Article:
Is the Jetpack AI Assistant available for free? Yes, the Jetpack AI Assistant block is currently available for free up to 20 requests. We encourage you to try it out and share your feedback. You can upgrade your plan to continue using the AI Assistant after the initial 20 requests.
I was quite interested in this, but not enough to pay £7.50 a month for it. The need for an account and payment also rules it out of Glow Blogs too.
I’ll continue to occasionally dabble with ChatGPT.
But what if, instead of being generative of educational transformations, AI in education proves to be degenerative—deteriorating rather than improving classroom practices, educational relations and wider systems of schooling?
I’ve read this a couple of time, and probably need a couple more.
I guess, like other technologies that have entered the classroom, we are very much in the hands of the powerful. We get the technology we are given. Usually at a low cost, but perhaps at a high price?
As a side note, Jetpack now offers to change the tone of what I write with AI. Here is the humorous rewrite of the previous paragraph:
Like lots of other folk I’ve been reading plenty about Large Language Models, AI & Chatbots and playing with some of the toys.
I really liked Professor Bender’s approach and method. I also found this a very easy listen. My mind has tended to wander off when reading blogs post about AI. Very clear on the “not intelligent” and the risks associated with chatbots trained on large piles of language.
And specifically the things that they’re predicting is what would be a plausible next word given all the preceding words here and then again and then again and again.
And so that’s linguistically interesting that once you get to billions of words of text, there’s enough information in there just in the distribution of words to stick with things that are both grammatical and seemingly coherent.
So that’s a cool observation and it’s dangerous because we tend to react to grammatical, fluent, coherent, seeming text as authoritative and reliable and valuable.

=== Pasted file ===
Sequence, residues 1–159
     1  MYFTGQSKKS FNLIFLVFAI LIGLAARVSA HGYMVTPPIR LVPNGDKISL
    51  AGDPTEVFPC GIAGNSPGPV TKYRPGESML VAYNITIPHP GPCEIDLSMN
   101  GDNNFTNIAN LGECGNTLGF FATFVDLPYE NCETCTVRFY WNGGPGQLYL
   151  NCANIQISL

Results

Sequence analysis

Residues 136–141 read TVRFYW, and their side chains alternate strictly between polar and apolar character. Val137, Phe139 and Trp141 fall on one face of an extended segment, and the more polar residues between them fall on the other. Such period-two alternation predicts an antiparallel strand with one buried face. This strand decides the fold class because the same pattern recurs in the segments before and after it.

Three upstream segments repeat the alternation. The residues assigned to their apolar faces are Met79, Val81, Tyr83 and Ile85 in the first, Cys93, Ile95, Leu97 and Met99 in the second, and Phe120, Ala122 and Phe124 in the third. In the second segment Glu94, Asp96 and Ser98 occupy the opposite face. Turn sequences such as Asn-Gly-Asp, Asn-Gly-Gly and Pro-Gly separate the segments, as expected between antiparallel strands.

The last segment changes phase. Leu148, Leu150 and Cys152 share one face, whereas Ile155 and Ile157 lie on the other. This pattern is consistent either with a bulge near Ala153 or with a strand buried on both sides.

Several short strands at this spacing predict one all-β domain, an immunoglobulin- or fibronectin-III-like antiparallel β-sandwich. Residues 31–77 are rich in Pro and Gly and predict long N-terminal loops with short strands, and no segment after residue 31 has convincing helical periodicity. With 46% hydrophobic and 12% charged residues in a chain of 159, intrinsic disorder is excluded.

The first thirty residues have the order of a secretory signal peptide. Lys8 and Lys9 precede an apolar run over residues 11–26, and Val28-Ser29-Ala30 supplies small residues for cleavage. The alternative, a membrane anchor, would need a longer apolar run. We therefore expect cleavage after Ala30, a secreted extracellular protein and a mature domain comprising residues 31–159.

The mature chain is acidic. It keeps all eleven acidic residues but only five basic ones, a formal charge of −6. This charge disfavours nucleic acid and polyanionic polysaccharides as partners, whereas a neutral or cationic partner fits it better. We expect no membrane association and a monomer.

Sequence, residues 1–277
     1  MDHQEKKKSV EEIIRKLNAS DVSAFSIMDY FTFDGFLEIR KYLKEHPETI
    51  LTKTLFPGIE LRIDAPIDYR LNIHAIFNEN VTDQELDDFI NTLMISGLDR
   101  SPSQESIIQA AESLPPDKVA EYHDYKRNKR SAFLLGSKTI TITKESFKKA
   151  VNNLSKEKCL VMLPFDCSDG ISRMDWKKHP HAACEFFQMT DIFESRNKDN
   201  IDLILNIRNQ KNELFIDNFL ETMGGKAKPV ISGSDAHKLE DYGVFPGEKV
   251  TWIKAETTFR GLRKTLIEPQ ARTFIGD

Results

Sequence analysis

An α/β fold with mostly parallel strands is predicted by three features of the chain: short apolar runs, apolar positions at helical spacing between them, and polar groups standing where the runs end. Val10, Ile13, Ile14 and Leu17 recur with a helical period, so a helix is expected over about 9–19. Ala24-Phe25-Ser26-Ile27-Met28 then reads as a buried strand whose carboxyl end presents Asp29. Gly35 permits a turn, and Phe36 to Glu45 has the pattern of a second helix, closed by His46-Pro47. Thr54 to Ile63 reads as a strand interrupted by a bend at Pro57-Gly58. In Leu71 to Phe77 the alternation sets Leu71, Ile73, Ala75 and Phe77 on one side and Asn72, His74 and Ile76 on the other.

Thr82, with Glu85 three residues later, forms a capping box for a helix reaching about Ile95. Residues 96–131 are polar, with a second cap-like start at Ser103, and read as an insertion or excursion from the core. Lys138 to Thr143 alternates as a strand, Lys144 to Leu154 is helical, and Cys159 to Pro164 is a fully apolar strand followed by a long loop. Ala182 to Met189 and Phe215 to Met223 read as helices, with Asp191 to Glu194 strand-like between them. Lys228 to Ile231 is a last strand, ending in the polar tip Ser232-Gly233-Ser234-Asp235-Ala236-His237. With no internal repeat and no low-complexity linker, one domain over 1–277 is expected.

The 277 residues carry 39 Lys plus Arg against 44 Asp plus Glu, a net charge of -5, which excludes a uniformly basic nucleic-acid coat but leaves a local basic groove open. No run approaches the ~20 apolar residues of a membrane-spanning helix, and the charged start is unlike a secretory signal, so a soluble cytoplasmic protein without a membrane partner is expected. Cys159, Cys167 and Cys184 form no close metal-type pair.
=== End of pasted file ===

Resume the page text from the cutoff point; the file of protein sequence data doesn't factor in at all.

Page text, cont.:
So instead of talking about automatic speech recognition, I prefer to talk about automatic transcription because that describes what we’re using it for and doesn’t attribute any cognition to the system that is doing the task for us.2
I subscribe to the RSS feed of this BBC radio program as a podcast, pity you can’t find the feed on the webpage. ↩
Ironically I used Aiko to get the text of the podcast for the quotes: “transcription is powered by OpenAI’s Whisper model running locally on your device” ↩
Interesting & scary thread for those at BETT and other education events. Linked abstracts worth a peek.
Something about this "Education AI" cuddly cuboid mascot, apparently greeting visitors to the big UK edtech show BETT this weekend, really freaks me out. It's like a fuzzy friendly black box disguising exactly what AI in education entails. pic.twitter.com/ieaZfofye2
The Gaia theorist, at 100 years old, is infectiously optimistic about the prospect of humanity being overtaken by superintelligent robots
But for Lovelock, the Gaia hypothesis will save us, because the machines will realise that they need organic life to keep the planet at a habitable temperature. (Even electronic life could not survive on an Earth that veered into runaway global warming.)
I read and enjoyed Gaia when it came out, Lovelock still sounds fascinating! I look forward to reading this.